1. 6.7.1 Python if Statement
        1. 6.7.1.1 Many Cases
      2. 6.7.2 Case Study: Flipping a Coin
      3. 6.7.3 Case Study: Russian Roulette
        1. 6.7.3.1 Exercise
      4. 6.7.4 Case Study: Throwing Dice
        1. 6.7.4.1 Nesting “If” Statements
        2. 6.7.4.2 Exercise
      5. 6.7.5 Case Study: Let the Drums Come Alive
        1. 6.7.5.1 Exercises
    8. 6.8 Python Relational Operators
    9. 6.9 Python Boolean Values
    10. 6.10 Python Logical Operators
      1. 6.10.1 Case Study: Music from Weighted Probabilities
        1. 6.10.1.1 Exercises
    11. 6.11 Summary
  11. Chapter 7 - Sonification and Big Data
    1. 7.1 Overview
    2. 7.2 Data Sonification
      1. 7.2.1 The mapValue() Function
      2. 7.2.2 The mapScale() Function
    3. 7.3 Case Study: Kepler—“Harmonies of the World” (1619)
      1. 7.3.1 Exercise
    4. 7.4 Python Strings
      1. 7.4.1 Case Study: Music from Text
        1. 7.4.1.1 Exercise
      2. 7.4.2 String Library Functions
      3. 7.4.3 Case Study: Guido d’Arezzo—“Word Music” (ca. 1000)
      4. 7.4.4 Python Nested Loops
      5. 7.4.5 Exercise
    5. 7.5 File Input and Output
      1. 7.5.1 Reading Files
      2. 7.5.2 Writing Files
      3. 7.5.3 Exercises
    6. 7.6 Python while Loop
      1. 7.6.1 Exercise
    7. 7.7 Big Data
      1. 7.7.1 Case Study: Biosignal Sonification
        1. 7.7.1.1 Sonification Design
        2. 7.7.1.2 Python Parallel Assignment
      2. 7.7.2 Exercises
    8. 7.8 Python Functions
      1. 7.8.1 Defining Functions
      2. 7.8.2 Exercise
      3. 7.8.3 Returning Values
      4. 7.8.4 Exercises
      5. 7.8.5 Scope of Variables
    9. 7.9 Image Sonification
      1. 7.9.1 Python Images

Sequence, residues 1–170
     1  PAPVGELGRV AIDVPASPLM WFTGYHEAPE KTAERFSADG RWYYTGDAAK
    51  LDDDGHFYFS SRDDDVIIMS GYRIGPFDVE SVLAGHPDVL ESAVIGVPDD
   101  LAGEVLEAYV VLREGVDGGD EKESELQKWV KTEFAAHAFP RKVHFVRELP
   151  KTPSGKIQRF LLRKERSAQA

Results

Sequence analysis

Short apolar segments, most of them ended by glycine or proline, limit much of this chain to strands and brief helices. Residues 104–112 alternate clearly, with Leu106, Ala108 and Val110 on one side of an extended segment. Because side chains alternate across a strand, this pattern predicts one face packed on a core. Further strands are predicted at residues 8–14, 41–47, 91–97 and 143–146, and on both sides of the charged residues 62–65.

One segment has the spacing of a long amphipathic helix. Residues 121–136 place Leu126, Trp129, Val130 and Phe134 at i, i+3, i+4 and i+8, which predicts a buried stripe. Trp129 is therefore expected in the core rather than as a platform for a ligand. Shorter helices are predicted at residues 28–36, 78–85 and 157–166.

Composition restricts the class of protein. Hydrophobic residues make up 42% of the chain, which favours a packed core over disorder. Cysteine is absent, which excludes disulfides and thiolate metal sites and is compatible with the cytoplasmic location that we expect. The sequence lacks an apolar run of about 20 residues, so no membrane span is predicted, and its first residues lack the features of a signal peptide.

2. 7.9.2 Image Library Functions
      3. 7.9.3 Case Study: Visual Soundscape
        1. 7.9.3.1 Sonification Design
        2. 7.9.3.2 Defining a Function
      4. 7.9.4 Python Nested Loops (again)
      5. 7.9.5 Exercises
    10. 7.10 Summary
  12. Chapter 8 - Interactive Musical Instruments
    1. 8.1 Overview
    2. 8.2 Building Musical Instruments
    3. 8.3 Graphical User Interfaces
      1. 8.3.1 Creating Displays
      2. 8.3.2 Graphics Objects
        1. 8.3.2.1 Exercise
      3. 8.3.3 Showing Display Coordinates
    4. 8.4 Case Study: Random Circles
      1. 8.4.1 Exercises
    5. 8.5 GUI Widgets
      1. 8.5.1 Event-Driven Programming
      2. 8.5.2 Callback Functions
    6. 8.6 Case Study: A Simple Musical Instrument
      1. 8.6.1 Python Global Statement
      2. 8.6.2 Exercise
    7. 8.7 Play Class
    8. 8.8 Case Study: An Audio Instrument for Continuous Pitch control
    9. 8.9 AudioSample Class
      1. 8.9.1 Creating Audio Samples
      2. 8.9.2 Exercise
    10. 8.10 MidiSequence Class
      1. 8.10.1 Creating MIDI Sequences
      2. 8.10.2 Exercises
    11. 8.11 Paper Prototyping
    12. 8.12 A Simple Methodology for Developing GUIs
      1. 8.12.1 Listen, Listen, Listen
    13. 8.13 Event Handling
      1. 8.13.1 Keyboard Events
      2. 8.13.2 Mouse Events
        1. 8.13.2.1 Example
        2. 8.13.2.2 Exercises
      3. 8.13.3 Case Study: Drawing Musical Circles
        1. 8.13.3.1 Defining Callback Functions
        2. 8.13.3.2 Exercises
    14. 8.14 Case Study: A Virtual Piano
      1. 8.14.1 Exercise
      2. 8.14.2 A Variation, Using Parallel Lists
        1. 8.14.2.1 Exercises
    15. 8.15 Scheduling Future Events
      1. 8.15.1 Case Study: Random Circles with Timer
      2. 8.15.2 The Timer Class
        1. 8.15.2.1 Creating Timers
    16. 8.16 Summary
  13. Chapter 9 - Making Connections
    1. 9.1 Overview
    2. 9.2 MIDI Devices—Connecting to Pianos, Guitars, etc.
      1. 9.2.1 Case Study: Make Music with a MIDI Instrument
        1. 9.2.1.1 Exercise
      2. 9.2.2 The MIDI Library
        1. 9.2.2.1 The MidiIn Class
        2. 9.2.2.2 The MidiOut Class
    3. 9.3 OSC Devices—Connecting to Smartphones, Tablets, etc.
      1. 9.3.1 OSC Messages
      2. 9.3.2 Case Study: Hello (OSC) World!
        1. 9.3.2.1 Program for OSC Server Device
        2. 9.3.2.2 Program for OSC Client Device
        3. 9.3.2.3 Exercises
      3. 9.3.3 The OSC Library
        1. 9.3.3.1 The OscIn Class
        2. 9.3.3.2 The OscOut Class
      4. 9.3.4 Case Study: Make Music with your Smartphone
        1. 9.3.4.1 Performance Instructions
        2. 9.3.4.2 Setting up Your Smartphone (OSC Client)
        3. 9.3.4.3 Setting up Your Computer (OSC Server)
        4. 9.3.4.4 Exercises
      5. 9.3.5 Hybrid Musical Instrument Projects